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Why are men dying more from heart attacks?

By now you’ve heard about the study which showed that men were much more likely to be diagnosed with heart disease when they were older, when they smoked, and when they drank alcohol.

But how many men do you know who have died of heart disease in their mid-30s?

And how much do you really know about heart disease?

If you don’t know the answers, you can still be at risk.

Here are five ways to protect yourself from heart disease: Drink more red wine.

Red wine is one of the healthiest drinks in the world.

But according to the International Journal of Clinical Nutrition and Metabolism, it is also one of most harmful.

“There is a strong association between wine consumption and risk of heart failure, stroke and cardiovascular disease,” says study researcher Professor Roberta P. Smith, of the University of Newcastle.

“It’s associated with heart attacks, strokes, heart failure and cardiovascular death, as well as other chronic health problems.”

That’s why red wine is often labelled as a “safe” drink, says Smith, and it’s also why it’s popular among some young people.

The alcohol content of red wine varies depending on the region and season.

So if you’re drinking it in August and you’re going to have a coronary artery bypass, you may need to adjust your consumption.

You might be able to drink a glass of wine a week instead.

Eat a higher-calorie diet.

Eating a higher calorie diet can lower your risk of developing heart disease.

The good news is that this diet has been proven to lower your blood pressure, lower your cholesterol levels, and raise your blood sugar levels.

However, the bad news is you’ll likely have a slightly higher risk of dying from heart failure.

You can eat a lower-cal diet if you know you have heart disease, says Adam Nisbet, of University College London, who co-authored a report on the benefits of eating a lower calorie diet.

That’s because a diet low in carbohydrates has a much greater effect on your body’s response to the drugs that are used to control blood pressure.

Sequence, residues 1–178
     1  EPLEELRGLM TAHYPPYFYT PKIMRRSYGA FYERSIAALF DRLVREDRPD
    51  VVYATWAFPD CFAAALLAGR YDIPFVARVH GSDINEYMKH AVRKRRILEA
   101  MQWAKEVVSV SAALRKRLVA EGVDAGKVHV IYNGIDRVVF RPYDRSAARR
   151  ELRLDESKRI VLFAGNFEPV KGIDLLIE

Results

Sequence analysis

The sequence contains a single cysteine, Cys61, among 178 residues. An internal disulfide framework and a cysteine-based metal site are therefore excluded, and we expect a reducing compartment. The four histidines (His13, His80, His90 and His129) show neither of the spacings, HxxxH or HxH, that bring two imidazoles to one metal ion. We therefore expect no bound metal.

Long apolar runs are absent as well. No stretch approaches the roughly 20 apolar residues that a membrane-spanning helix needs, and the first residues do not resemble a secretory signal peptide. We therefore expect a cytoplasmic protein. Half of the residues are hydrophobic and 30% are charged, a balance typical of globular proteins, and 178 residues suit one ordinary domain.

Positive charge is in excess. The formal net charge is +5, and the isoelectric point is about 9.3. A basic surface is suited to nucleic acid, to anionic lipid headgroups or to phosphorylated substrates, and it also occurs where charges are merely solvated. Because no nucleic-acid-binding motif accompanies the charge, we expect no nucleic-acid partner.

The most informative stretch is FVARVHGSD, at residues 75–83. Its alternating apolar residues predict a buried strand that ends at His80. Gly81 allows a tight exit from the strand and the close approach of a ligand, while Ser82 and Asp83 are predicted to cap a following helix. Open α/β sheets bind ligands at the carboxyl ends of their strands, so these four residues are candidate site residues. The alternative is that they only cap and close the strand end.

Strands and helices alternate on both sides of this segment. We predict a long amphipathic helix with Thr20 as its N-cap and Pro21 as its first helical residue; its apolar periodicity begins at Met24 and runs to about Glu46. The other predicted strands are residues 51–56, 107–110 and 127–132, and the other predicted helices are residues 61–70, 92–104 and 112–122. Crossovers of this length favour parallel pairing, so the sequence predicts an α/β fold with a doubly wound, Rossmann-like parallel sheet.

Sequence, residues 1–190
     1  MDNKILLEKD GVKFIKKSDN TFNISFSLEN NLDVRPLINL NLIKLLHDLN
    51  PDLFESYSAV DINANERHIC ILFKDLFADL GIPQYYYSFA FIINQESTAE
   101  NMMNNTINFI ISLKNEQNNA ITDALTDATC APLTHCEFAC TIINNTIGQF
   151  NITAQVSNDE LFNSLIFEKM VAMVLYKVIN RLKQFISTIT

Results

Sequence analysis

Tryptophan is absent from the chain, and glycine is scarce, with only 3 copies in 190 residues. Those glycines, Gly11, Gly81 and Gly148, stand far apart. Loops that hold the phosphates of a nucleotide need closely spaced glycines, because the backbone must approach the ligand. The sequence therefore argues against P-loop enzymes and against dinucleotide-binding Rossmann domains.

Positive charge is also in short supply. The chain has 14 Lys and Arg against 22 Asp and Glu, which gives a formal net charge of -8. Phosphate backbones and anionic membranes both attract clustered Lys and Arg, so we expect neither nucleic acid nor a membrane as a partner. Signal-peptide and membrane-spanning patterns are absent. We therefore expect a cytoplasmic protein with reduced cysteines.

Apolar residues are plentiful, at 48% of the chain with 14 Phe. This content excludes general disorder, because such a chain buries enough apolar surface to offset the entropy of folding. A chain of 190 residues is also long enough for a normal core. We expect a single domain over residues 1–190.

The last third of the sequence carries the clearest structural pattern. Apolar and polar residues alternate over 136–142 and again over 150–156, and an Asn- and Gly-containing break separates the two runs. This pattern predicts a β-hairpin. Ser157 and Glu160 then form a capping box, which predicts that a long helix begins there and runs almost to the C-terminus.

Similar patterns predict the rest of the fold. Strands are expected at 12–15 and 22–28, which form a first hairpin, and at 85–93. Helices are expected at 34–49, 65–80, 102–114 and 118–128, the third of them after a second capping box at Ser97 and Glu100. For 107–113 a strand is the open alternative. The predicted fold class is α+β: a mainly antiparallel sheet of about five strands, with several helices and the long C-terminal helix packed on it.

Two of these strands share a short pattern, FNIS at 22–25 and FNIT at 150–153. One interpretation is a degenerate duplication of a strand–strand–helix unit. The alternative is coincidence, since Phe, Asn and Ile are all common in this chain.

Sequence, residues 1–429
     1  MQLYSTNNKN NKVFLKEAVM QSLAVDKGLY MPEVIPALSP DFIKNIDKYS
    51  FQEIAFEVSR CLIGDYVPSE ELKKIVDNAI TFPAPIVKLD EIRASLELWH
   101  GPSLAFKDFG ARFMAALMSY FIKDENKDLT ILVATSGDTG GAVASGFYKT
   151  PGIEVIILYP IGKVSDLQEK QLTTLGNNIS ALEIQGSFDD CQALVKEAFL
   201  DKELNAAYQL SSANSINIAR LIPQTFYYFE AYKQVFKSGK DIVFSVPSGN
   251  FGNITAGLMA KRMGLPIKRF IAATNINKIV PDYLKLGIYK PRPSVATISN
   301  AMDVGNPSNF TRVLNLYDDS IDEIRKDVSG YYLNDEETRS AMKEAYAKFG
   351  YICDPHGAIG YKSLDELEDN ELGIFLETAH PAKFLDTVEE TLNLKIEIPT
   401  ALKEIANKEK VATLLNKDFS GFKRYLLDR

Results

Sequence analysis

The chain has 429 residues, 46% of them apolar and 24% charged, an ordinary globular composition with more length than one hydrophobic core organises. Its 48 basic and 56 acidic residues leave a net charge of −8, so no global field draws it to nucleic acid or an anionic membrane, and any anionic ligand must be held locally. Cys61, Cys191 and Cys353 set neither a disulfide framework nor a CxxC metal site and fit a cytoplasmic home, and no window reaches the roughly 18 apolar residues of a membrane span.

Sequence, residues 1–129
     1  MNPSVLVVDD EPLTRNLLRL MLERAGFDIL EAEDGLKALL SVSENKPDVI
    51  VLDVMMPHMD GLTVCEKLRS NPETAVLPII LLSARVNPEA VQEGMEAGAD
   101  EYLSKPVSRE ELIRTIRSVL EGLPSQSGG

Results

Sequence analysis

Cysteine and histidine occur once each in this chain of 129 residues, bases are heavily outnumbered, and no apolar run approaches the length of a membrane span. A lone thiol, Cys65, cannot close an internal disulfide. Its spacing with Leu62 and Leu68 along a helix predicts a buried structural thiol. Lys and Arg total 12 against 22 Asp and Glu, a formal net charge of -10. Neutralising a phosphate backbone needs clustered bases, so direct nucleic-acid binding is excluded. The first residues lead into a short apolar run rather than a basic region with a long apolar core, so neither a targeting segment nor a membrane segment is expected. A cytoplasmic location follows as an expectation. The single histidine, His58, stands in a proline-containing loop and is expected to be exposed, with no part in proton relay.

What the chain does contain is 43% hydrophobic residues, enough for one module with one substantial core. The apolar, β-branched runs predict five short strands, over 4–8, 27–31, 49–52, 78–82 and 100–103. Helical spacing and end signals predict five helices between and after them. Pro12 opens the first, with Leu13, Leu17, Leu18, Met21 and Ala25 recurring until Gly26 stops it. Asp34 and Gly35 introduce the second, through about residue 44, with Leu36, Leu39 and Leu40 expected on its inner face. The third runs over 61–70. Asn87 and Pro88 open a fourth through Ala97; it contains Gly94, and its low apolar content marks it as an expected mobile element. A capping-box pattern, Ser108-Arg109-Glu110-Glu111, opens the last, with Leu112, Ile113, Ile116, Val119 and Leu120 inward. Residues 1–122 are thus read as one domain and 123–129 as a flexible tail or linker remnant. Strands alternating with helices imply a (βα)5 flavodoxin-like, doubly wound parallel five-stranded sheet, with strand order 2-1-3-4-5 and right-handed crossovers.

This may explain why people who have heart failure are less likely to seek help from doctors, says Nisbit.

“I’ve worked with people who were on the lowest carb diet and I have seen them die in a matter of weeks,” he says.

“The evidence is very clear that when you eat carbohydrates, you get a bigger boost to your heart and your risk is much lower.”

Avoid foods that contain fats.

Fat is the main contributor to heart disease and is responsible for 40 per cent of all deaths in the UK.

Fat causes plaque buildup in your arteries, which can be blocked by anti-inflammatory drugs.

This can make you more likely.

But there’s another factor that may be playing a part.

You may have more inflammation in your body, which is known to be associated with increased risk of cardiovascular disease.

“We know that inflammation can cause all sorts of damage to your blood vessels, so you may be more likely than other people to develop heart disease if you have a condition like type 2 diabetes or cardiovascular disease.”

For example, people who smoke have an increased risk for heart attacks and strokes.

However the same person who has a low risk of becoming a smoker also has a high risk of having heart disease because of inflammation in their arteries, says Parnassa.

That can explain why, even though people with a lower risk of a heart attack are less at risk of being diagnosed with it, they are still at risk because they may have higher levels of inflammation, Parnas says.

So eating a low-fat diet, including nuts and fruit, may help you reduce your risk.

And if you are already overweight, you should consider a low carbohydrate diet.

You’re more likely if you already have a heart condition to develop a heart disease yourself, Pernassa says.

That means eating fewer carbs, less saturated fats, and a lower glycemic index, which means your blood sugars will stay low for longer.

So keep eating the right foods, and get enough exercise.

“Exercise is a key to managing your cardiovascular risk,” says Smith.

And when you do exercise, Smith says, it can help to lower blood pressure and cholesterol.

And exercise also helps you manage your diabetes.

“You need to exercise to reduce the risk of diabetes,” she says.

She adds: “When you’re exercising, you’re reducing the risk for type 2 [diabetes] and cardiovascular risk, but also reducing the incidence of heart attacks.”

Source: Al Jazeera English